Depending on which Trans-sib route you are taking there will be a number of stops when you will be staying in accommodation off the train. From standard hotels to authentic homestays there really is something for everyone to create their perfect Trans-siberian journey.
In Moscow passengers stay at a purpose-built 3 star hotel which formed part of the athletes village at the 1980 Summer Olympic games. Tall and distinctively Russian, the hotel blocks are appropriately named alpha, beta, delta and gamma, following the Greek Olympic tradition. The hotel has a range of guest facilities, with close proximity to amenities and public transport, allowing easy access to the city centre. Moscow and the rest of Russia struggles with having a decent range of quality 3 star hotels and the demand for accommodation can often outweigh the supply and it is no surprise that Moscow is now regarded as one of the most expensive cities in the world.
In Beijing our passengers stay at the 3 star Rainbow Hotel. The hotel has a great range of amenities including internet access, a cafe/bar, onsite restaurants and close proximity to the Temple of Heaven. It is also within easy reach of the cities main sites including Tiananmen Square, the Forbidden City and the National Museum which are less than 3km away (a short 5-10 minute drive).
If you’re an intrepid grass-roots traveller that enjoys unique local experiences we also offer a homestay option in Yekaterinburg, Irkutsk and Ulan Ude. You may be staying with a local family, couple or single person. In some cases the home owner may actually move out so that you have the home to yourself. Homestays in Siberia are basic, most are small apartments with shared bathroom facilities. Fold-out beds are common and your hosts are unlikely to speak English. There is usually only room for one or two guests so if you’re travelling with a group of friends you’ll be accommodated separately. Homestay accommodation is on a half board basis so you'll receive dinner as well as breakfast. If you would like to book homestay accommodation as opposed to hotels a discount applies - contact us for more details.
On Trans-Siberian Railway journeys that include a stopover in Ulaan Baatar there is the option to camp out in a ger for two nights in Terelj National Park.
Mongolia is the home of the 'ger' or 'yurta' as it is known in Russia. More than 70% of Mongolia's population, many of whom are nomadic, live in gers, and have done since the time of Marco Polo. The Mongolian ger is built to withstand some of the harshest climate extremes, from the freezing gale force winds that blow from Siberia and winter temperatures which regularly fall to minus 40 degrees to the summer heat of the Gobi desert.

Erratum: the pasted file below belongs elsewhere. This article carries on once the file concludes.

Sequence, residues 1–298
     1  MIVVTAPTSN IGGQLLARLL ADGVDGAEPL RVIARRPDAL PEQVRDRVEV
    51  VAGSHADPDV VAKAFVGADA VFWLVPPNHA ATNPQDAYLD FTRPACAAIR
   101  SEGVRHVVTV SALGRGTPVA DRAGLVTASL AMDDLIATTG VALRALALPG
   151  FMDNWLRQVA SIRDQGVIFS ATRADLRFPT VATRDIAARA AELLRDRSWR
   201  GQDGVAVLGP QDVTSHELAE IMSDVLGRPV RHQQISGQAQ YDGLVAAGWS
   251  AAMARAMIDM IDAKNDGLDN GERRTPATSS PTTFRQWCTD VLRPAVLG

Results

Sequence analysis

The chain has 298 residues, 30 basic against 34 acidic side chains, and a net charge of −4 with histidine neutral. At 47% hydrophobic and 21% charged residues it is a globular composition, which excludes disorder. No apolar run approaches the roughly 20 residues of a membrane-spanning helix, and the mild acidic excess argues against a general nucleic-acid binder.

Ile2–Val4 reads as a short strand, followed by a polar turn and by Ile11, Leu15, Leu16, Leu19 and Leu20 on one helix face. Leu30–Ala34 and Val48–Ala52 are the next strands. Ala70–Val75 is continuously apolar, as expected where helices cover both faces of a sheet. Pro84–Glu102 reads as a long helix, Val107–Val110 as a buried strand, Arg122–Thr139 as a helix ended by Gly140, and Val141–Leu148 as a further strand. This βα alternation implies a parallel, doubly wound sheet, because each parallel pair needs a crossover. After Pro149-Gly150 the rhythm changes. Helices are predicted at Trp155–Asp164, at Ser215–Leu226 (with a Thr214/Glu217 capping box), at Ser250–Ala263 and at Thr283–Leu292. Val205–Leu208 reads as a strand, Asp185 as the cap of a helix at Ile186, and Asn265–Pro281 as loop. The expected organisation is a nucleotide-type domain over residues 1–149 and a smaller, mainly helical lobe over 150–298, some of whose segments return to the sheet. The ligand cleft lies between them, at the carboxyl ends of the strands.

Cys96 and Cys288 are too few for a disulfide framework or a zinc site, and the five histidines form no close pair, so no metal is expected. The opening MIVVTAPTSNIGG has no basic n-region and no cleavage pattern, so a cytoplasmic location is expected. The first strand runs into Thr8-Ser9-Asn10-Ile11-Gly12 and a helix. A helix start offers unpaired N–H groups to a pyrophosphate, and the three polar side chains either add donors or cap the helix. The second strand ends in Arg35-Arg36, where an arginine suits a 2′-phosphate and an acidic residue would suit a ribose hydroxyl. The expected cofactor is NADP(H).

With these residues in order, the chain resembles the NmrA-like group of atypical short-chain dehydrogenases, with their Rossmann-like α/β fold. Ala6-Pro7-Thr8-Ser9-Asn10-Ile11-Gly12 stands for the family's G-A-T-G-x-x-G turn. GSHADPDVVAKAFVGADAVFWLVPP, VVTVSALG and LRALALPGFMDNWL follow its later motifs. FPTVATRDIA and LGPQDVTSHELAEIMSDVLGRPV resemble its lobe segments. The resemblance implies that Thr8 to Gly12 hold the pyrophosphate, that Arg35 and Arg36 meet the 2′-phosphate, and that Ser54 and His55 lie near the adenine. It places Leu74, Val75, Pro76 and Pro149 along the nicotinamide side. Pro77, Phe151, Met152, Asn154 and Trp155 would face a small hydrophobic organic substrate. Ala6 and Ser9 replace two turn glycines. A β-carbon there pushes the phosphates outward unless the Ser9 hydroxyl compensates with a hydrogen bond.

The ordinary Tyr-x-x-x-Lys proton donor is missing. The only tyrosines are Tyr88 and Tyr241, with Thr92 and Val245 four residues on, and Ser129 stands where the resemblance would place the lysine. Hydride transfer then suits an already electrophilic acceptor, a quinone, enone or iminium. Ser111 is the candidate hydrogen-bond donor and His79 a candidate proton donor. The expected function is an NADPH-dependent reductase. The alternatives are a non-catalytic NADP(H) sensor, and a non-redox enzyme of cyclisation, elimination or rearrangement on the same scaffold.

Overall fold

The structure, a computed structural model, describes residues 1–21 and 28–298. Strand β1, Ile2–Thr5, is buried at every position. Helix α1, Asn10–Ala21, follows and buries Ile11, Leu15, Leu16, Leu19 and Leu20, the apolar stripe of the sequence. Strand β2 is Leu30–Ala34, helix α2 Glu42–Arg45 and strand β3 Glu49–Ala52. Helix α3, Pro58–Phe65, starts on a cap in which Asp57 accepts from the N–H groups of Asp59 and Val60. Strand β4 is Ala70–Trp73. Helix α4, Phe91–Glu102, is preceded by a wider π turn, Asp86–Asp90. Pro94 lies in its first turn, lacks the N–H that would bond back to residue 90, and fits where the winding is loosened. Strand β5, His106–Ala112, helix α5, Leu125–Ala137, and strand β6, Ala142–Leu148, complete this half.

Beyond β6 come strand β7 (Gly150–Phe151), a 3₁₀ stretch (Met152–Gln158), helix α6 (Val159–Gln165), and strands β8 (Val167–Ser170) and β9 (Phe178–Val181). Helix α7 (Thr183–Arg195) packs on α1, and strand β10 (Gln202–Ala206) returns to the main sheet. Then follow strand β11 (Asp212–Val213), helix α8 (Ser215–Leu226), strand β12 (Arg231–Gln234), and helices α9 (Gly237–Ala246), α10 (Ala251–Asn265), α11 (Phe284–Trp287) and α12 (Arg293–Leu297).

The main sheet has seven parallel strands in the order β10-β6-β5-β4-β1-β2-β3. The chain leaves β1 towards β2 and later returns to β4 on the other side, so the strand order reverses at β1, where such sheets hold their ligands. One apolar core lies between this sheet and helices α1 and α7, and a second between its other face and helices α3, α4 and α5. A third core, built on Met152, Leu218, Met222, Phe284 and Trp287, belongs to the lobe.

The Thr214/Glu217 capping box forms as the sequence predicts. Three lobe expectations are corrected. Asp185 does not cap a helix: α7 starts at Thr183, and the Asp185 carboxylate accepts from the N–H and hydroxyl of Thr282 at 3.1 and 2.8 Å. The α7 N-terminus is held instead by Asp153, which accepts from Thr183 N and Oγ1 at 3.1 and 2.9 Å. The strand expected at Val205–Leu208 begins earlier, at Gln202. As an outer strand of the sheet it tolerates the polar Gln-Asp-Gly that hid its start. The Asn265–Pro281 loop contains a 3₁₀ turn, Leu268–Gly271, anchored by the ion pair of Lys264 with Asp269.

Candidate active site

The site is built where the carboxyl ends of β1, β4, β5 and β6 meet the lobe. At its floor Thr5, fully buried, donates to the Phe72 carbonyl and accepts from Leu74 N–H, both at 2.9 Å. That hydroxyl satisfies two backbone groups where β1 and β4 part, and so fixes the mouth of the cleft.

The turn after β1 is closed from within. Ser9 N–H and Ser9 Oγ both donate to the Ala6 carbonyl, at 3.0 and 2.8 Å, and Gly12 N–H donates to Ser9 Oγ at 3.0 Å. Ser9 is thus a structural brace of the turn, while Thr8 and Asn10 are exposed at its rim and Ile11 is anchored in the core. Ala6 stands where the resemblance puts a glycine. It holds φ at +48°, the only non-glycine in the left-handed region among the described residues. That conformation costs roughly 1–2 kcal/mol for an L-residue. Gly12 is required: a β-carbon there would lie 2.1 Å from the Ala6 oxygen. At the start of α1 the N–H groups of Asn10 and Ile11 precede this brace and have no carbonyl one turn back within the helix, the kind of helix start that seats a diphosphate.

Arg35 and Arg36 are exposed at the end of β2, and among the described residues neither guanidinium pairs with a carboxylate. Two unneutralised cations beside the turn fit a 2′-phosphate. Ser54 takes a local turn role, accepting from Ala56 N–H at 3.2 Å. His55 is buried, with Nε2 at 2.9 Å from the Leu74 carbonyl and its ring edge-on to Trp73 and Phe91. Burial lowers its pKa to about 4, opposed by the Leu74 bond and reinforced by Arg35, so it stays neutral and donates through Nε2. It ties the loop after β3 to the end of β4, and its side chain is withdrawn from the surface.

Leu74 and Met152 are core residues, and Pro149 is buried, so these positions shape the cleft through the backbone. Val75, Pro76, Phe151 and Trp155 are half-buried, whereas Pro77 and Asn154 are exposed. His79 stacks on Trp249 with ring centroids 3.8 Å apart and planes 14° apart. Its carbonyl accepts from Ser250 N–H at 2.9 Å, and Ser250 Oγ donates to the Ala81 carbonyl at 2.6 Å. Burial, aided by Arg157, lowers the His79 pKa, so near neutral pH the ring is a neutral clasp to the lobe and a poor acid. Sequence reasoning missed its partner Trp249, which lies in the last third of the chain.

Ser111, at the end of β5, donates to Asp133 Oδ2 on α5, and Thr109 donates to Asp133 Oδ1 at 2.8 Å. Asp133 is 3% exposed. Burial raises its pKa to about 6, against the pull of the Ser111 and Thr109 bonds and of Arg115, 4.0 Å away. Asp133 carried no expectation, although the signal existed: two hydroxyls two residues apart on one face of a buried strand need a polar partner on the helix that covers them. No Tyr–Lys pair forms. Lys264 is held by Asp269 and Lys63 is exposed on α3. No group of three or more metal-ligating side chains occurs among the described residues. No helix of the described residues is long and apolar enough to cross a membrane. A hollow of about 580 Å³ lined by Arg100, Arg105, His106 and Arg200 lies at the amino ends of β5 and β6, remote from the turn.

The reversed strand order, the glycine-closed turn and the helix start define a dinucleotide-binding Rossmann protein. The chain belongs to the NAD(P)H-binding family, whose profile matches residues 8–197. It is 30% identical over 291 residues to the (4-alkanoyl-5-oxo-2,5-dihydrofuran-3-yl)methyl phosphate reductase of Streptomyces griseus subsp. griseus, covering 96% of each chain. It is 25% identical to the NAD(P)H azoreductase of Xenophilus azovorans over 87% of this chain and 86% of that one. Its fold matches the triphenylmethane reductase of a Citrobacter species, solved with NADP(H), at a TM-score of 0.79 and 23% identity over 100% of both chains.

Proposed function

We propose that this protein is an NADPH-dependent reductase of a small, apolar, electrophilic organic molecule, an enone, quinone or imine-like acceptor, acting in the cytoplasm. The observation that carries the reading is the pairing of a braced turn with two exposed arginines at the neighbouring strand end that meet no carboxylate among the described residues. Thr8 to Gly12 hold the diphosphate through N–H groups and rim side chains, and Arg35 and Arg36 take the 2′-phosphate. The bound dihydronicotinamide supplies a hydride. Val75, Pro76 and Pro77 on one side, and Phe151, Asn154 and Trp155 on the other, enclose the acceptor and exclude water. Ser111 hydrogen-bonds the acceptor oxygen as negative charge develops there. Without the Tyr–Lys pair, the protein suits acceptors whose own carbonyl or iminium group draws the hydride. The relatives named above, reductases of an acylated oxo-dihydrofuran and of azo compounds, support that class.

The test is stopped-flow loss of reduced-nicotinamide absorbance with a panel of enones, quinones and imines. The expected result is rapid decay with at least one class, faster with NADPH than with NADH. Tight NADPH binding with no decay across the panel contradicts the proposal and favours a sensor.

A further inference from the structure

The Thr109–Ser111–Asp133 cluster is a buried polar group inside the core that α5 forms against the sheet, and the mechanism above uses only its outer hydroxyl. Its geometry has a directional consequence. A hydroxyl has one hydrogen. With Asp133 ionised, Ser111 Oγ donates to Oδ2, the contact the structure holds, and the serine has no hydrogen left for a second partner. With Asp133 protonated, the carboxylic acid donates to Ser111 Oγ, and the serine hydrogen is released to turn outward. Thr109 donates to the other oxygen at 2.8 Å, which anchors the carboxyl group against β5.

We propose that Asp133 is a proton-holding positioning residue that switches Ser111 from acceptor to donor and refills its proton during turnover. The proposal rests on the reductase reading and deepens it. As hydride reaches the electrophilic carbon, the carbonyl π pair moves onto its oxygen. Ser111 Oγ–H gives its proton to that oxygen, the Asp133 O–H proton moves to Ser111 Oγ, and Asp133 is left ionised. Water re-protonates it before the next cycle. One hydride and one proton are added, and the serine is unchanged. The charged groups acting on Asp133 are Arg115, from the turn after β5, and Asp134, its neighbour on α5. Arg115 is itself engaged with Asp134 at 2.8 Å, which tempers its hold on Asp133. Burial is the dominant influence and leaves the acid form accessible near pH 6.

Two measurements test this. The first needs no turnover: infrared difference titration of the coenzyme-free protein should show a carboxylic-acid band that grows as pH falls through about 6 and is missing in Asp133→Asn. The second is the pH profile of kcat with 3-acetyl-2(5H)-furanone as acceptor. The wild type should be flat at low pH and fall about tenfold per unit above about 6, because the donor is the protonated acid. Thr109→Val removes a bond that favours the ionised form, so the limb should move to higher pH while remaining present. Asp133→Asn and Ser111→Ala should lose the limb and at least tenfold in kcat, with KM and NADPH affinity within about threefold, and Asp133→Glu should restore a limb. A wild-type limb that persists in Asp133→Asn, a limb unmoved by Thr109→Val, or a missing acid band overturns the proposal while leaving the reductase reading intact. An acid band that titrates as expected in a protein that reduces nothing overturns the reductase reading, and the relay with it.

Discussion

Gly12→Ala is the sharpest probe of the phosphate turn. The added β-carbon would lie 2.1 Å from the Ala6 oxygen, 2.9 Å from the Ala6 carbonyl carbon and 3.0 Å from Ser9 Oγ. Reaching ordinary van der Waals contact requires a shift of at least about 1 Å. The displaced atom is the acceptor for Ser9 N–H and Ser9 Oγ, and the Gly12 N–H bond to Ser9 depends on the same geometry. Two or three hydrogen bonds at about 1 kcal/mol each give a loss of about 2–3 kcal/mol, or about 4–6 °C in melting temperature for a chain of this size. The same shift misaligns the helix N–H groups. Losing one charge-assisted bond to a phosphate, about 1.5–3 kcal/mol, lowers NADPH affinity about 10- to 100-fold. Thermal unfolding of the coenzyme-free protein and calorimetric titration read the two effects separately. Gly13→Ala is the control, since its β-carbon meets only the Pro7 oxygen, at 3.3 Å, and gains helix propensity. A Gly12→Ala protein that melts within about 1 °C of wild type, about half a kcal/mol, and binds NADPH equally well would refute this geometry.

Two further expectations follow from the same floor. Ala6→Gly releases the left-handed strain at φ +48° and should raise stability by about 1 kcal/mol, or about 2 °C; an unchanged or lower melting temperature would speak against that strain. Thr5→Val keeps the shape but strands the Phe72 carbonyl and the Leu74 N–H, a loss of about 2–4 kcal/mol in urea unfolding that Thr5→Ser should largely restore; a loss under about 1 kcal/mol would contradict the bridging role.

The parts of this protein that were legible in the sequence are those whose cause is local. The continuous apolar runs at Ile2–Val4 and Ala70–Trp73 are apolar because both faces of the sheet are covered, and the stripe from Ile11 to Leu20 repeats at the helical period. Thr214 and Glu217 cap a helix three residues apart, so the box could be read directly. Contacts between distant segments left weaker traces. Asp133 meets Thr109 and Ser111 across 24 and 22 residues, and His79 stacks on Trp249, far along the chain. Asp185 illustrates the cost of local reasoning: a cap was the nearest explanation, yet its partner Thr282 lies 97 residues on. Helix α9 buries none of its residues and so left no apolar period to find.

Easily assembled and disassembled, its components can be loaded on a couple of camels or horses. It is made of a wooden framework covered by large pieces of felt. A decorative cloth covering may be laid over the felt. The ropes which go around the ger, called bus (belts), are usually made of braided horse mane and tail hair. The wooden framework consists of collapsible walls, topped by poles radiating from a central smokehole ring.
Inside, gers are deceivingly spacious. Entering from the southern side, in the centre is a stove, with a pipe emerging from the roof. This provides the ger's occupants with warmth and hot food. The internal layout always follows the same traditional pattern, in that to the west is the men's side and to the east, the women's side. On the men's side, saddles, weaponry and the airag (mare's milk) bag is kept. Cooking implements are generally stored on the women's side. The most revered part of the ger is the northern part, where today families keep heirlooms and keepsakes.
NOTE: During the winter months (usually October to April, although dependant upon the weather), due to the harsh weather conditions, clients can decide upon arrival, whether to stay in permanent accommodation in Terelj National Park or a Mongolian ger.